Two Dissidents Released

Two well-known Vietnamese pro-democracy activists are released after more than a week in detention.
2011-04-13
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twodissidents305.jpg
Le Quoc Quan (L) and Pham Hong Son (R), shown in undated photos.
RFA

Vietnamese authorities have released two high-profile dissidents who were detained more than a week ago as they waited outside of a court in Hanoi during the trial of a fellow pro-democracy activist, according to a family member of one of the men.

Lawyer Le Quoc Quan and Doctor Pham Hong Son were released by police late Wednesday evening, Quan’s sister told RFA by telephone.

“He just called the family a moment ago. His brother answered the phone. Quan told us that he was at Detention Center No. 1 and was waiting for us to pick him up,” she said.

“Hien, his wife, and his [other] sister went to collect him. They are not home yet. Quan told us to send someone over there to pick him and Pham Hong Son up.”

Witnesses said Le Quoc Quan and Pham Hong Son were roughed up and detained on April 4 outside the courtroom where Cu Huy Ha Vu, 53, was sentenced to seven years in prison for distributing anti-state propaganda leaflets.

Vu, who was also convicted of calling for an end to one-party communist rule in Vietnam, was charged after previously bringing two lawsuits against Vietnamese Prime Minister Nguyen Tan Dung.

Duy Hoang, spokesman for the U.S.-based opposition group Viet Tan (Vietnam Reform Party), said the release of the two dissidents was long overdue.

“The release today highlights the fact that Le Quoc Quan and Pham Hong Son were wrongfully detained in the first place,” he said.

“This should serve as a precedent that Vietnamese have the right to peaceful assembly, including outside political trials.”

Prominent activists

Le Quoc Quan, who Duy Hoang called “one of Vietnam's foremost human rights lawyers and civil society experts,” was jailed for three months in 2007—four days after his return from a six-month fellowship at the Washington-based National Endowment for Democracy.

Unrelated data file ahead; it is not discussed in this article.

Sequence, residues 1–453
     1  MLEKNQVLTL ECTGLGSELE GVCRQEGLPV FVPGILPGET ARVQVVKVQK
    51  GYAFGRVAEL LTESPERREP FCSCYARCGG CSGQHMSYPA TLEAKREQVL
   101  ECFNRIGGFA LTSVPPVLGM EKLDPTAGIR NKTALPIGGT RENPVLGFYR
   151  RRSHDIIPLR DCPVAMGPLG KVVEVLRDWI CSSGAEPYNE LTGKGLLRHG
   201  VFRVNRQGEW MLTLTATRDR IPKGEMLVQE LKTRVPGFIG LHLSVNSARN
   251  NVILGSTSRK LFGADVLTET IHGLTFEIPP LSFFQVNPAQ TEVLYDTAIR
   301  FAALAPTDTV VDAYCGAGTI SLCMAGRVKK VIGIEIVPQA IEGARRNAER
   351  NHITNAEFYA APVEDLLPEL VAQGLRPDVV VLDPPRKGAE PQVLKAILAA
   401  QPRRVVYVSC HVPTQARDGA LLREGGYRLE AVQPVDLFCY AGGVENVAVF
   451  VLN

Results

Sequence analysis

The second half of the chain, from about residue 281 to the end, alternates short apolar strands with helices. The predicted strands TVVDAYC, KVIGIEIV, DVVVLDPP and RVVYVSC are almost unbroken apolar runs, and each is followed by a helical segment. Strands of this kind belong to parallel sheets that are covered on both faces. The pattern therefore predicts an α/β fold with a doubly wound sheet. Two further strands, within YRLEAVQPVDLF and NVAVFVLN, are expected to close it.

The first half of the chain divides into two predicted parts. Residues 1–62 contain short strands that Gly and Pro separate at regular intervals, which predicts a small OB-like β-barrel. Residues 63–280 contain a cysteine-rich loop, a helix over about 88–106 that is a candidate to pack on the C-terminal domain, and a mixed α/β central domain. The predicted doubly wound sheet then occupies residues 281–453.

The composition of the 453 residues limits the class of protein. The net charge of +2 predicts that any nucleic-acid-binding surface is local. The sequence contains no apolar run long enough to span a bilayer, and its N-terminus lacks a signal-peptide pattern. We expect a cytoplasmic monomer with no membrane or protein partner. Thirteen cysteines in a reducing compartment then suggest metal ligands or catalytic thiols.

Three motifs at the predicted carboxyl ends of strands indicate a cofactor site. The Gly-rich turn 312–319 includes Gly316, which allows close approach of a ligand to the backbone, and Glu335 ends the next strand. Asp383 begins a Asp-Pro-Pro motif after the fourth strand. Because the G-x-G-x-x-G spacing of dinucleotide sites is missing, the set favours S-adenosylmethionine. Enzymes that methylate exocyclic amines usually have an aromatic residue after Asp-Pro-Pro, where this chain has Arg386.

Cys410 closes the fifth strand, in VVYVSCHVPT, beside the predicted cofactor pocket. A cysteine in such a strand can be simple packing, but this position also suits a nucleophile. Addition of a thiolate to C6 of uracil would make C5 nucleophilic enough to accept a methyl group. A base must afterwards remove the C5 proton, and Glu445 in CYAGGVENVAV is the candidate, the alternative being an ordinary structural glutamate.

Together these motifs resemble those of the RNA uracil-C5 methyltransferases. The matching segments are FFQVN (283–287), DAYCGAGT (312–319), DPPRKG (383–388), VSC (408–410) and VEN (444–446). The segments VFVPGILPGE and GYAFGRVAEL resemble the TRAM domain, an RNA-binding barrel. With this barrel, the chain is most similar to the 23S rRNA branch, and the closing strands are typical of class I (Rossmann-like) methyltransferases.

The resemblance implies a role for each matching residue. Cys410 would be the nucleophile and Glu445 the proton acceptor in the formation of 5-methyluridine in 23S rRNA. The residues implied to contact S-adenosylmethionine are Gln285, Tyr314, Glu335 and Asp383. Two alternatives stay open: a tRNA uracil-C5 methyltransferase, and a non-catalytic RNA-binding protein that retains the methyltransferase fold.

He was accused by Vietnamese authorities of taking part in "activities to overthrow the people's government," but was never formally charged. He was eventually released following protests from the United States.

Pham Hong Son was arrested in 2002, shortly after translating and republishing an article taken from the U.S. State Department website entitled "What is democracy?"

He spent more than four years in jail and a further three years under house arrest.

The two dissidents were showing their support for pro-democracy activist Cu Huy Ha Vu during his trial when they were arrested by police amidst tight security outside the Hanoi courtroom.

Arrest and trial

The authorities raided a hotel room in Ho Chi Minh City on Nov. 5 and arrested Vu shortly after he filed a follow-up lawsuit against the prime minister for allegedly violating laws on environmental protection, national security, and cultural heritage by approving Chinese-built bauxite mining projects in the Central Highlands.

Vu was accused of distributing propaganda documents against the one-party communist state and of calling for a multiparty system and "maligning and defaming" the Communist Party and government leaders, state media reported.

The son of a Vietnamese revolutionary hero, Vu was also accused of having ties with government critics inside the country and unspecified "hostile forces" from outside.

During the proceedings, one lawyer representing Vu was expelled and two others walked out in protest of the court’s refusal to make public 10 documents mentioned as evidence against their client in the indictment against him.

The documents in question were 10 news interviews Vu was accused of conducting with foreign media, including an interview with Radio Free Asia, which were used as key evidence against him.

The day after Vu was sentenced to seven years in prison, his lawyers petitioned the court, calling the decision to withhold the documents a violation of Vietnamese law that prevented them from arguing on his behalf.

Reported by An Nguyen for RFA’s Vietnamese service. Translated by Hanh Seide. Written in English by Joshua Lipes.